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September 15, 2013

“The Return of the Prodigal Son” by Leonello Spada, Louvre Museum (PD-ARTlPD-Age-100)

Americans applaud a fresh start.

  • Lose 20 lbs.? You can buy a new wardrobe, and begin life over.
  • Have a little “work” done, around your eyes or middle? Have a couple of saline bags inserted in your chest?  You become the poster child for healthy self-esteem.
  • Go into drug rehab again?  You are cited for your courage.
  • Spend 15 minutes in celebrity jail?  Declare yourself a sex addict?  You are suddenly a model of rectitude.

Change is worth applauding, and should manifest externally.  But, first and foremost, change is an internal process.  So, too, with repentance. The Catechism of the Catholic Church describes repentance as “a radical reorientation of our whole life, a return, a conversion to God with all our heart, an end of sin, a turning away from evil…” (CCC 1431).

In a day and age when institutional reputations are put ahead of the welfare of living and breathing human beings, it is not surprising that the concepts of repentance and responsibility are misunderstood – even by the very institutions charged with teaching those concepts to our young people.  Both the massive Catholic Church and Penn State sex scandals illustrate this.

The prodigal son returned repentant to his father [1].  Forgiveness and redemption were the father’s alone to give.  But he gave them without hesitation.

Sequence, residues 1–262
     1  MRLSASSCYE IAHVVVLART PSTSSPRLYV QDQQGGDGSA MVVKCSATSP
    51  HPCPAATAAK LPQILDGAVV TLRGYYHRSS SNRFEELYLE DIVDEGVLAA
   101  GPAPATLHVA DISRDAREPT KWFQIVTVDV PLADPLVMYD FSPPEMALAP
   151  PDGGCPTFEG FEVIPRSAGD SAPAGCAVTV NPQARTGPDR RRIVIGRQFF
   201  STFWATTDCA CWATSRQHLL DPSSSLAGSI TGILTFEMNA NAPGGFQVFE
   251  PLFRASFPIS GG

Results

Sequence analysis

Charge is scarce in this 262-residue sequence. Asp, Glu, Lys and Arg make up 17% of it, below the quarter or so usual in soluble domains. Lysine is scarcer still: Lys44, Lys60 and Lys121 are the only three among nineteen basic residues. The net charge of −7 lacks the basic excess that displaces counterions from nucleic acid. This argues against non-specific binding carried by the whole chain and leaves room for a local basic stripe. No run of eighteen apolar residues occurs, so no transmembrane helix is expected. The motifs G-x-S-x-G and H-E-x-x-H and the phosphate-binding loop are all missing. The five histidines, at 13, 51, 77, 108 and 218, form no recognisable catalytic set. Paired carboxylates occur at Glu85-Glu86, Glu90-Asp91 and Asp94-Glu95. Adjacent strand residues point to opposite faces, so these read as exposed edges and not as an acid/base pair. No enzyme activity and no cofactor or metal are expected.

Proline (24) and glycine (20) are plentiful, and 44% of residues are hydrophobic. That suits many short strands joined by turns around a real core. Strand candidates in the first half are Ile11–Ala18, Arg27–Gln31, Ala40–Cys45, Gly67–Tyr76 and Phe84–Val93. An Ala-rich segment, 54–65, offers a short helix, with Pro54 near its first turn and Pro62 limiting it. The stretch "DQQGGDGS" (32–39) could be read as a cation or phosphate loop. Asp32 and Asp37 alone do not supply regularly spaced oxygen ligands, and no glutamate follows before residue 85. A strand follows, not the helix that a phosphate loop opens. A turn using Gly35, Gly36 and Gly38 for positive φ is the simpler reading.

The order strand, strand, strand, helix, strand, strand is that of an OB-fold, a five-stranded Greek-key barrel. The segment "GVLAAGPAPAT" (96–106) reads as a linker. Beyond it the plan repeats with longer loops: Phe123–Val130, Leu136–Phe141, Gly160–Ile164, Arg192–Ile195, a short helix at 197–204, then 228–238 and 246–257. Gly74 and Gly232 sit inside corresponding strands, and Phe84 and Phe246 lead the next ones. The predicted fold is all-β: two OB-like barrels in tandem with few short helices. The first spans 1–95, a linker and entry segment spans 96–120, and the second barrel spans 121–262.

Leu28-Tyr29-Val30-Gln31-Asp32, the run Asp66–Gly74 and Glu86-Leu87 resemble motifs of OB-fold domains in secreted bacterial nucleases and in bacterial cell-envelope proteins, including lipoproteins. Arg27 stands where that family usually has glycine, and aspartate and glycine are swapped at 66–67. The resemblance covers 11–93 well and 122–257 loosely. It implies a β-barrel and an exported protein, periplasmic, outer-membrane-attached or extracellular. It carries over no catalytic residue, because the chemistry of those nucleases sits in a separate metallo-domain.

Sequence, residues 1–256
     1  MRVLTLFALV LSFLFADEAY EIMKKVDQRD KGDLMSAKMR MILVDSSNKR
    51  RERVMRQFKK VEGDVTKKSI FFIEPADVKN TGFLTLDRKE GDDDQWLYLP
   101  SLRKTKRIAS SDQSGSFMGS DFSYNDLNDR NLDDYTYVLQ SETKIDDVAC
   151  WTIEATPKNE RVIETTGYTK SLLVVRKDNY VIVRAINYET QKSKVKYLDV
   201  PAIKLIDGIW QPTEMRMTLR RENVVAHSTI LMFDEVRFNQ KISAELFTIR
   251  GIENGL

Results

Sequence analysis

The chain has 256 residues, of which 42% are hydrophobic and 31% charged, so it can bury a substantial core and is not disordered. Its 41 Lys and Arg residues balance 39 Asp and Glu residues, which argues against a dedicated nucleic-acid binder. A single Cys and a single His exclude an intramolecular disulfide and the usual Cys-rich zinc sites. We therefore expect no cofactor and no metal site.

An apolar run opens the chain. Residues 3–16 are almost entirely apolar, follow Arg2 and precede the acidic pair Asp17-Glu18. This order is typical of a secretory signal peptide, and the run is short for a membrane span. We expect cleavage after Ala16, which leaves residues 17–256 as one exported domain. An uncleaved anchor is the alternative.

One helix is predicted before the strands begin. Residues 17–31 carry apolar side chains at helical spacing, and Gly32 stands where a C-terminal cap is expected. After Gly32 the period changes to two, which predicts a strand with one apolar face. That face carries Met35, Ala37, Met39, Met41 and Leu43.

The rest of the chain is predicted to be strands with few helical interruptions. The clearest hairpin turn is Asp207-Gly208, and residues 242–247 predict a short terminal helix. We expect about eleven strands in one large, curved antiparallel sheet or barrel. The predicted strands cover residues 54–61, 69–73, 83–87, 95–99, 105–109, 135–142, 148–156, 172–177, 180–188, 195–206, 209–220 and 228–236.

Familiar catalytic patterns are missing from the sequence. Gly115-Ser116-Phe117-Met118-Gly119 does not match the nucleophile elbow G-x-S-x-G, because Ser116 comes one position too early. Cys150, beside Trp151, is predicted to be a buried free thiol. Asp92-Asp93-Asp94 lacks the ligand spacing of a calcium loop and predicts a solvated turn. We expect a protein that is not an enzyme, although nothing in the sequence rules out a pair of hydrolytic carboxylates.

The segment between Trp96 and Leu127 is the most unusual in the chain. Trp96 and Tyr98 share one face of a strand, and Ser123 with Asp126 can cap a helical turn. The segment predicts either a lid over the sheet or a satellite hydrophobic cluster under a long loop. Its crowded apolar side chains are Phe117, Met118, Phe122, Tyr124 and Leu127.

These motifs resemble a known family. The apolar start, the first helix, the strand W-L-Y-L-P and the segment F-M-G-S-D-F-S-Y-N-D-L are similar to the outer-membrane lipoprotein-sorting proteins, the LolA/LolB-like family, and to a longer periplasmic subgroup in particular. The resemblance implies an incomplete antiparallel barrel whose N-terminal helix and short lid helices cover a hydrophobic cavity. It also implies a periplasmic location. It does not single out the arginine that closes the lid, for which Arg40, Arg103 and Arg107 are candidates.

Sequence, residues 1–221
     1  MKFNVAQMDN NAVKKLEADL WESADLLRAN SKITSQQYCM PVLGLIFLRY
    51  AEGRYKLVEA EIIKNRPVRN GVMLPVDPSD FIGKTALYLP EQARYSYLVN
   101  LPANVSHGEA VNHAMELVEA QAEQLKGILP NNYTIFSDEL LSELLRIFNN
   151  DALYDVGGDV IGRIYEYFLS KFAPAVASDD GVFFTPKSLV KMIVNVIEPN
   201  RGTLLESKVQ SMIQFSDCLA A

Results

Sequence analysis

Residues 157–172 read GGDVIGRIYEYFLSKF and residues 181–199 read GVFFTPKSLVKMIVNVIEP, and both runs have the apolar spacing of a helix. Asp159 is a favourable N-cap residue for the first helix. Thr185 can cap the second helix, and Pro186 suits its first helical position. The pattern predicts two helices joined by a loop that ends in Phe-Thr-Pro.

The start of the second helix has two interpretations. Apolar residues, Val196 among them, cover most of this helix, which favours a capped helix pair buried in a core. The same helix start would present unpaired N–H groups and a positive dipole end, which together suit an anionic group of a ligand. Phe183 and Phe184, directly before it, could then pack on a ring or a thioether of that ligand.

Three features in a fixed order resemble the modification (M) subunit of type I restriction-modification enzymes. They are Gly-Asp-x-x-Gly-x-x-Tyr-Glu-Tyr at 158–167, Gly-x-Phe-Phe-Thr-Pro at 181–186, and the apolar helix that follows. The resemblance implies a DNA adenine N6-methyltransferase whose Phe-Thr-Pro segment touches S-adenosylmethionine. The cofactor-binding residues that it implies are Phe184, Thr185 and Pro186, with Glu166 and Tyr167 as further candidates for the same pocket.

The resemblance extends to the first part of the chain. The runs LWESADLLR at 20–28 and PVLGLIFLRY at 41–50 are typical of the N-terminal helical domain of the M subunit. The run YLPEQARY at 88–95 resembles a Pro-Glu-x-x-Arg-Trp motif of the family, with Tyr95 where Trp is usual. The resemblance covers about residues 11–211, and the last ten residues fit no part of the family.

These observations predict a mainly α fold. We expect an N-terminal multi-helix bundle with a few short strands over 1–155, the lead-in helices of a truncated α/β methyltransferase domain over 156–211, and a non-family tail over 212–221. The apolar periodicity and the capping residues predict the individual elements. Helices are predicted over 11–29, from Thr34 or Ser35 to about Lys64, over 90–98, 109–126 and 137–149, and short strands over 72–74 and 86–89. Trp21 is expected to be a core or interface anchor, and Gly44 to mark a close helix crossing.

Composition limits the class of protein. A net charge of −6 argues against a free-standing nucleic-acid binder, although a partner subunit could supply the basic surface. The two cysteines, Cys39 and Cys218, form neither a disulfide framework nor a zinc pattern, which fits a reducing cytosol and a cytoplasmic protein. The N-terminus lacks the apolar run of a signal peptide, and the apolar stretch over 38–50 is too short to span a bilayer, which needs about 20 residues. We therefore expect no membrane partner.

And he arose and came to his father.  But when he was still a great way off, his father saw him and had compassion, and ran and fell on his neck and kissed him” (Luke 15: 20).

Father, we come before You like the prodigal, prey to fear and sin.  We long to be worthy of Your love; to trust without question. But, over and over, we fall short.

We know all bonds of sin were broken by the death of Your Son, Jesus.  Relying on that, we call out to You.  Forgive us, Father. Help us to feel Your arms around us.

Restore our hope, even in these difficult times, that we may faithfully serve You.


1  The Prodigal Son is the last in a trilogy of new Testament parables on redemption, the others being the Lost Sheep and the Lost Coin.  A son returns home after having squandered his inheritance, yet is welcomed by his father with feasting (Luke 15: 11-32).


One Comment
  1. In fact, those three parables: The Lost Sheep, the Lost Coin and the Prodigal Son together forms the core of Lukan Gospel message.

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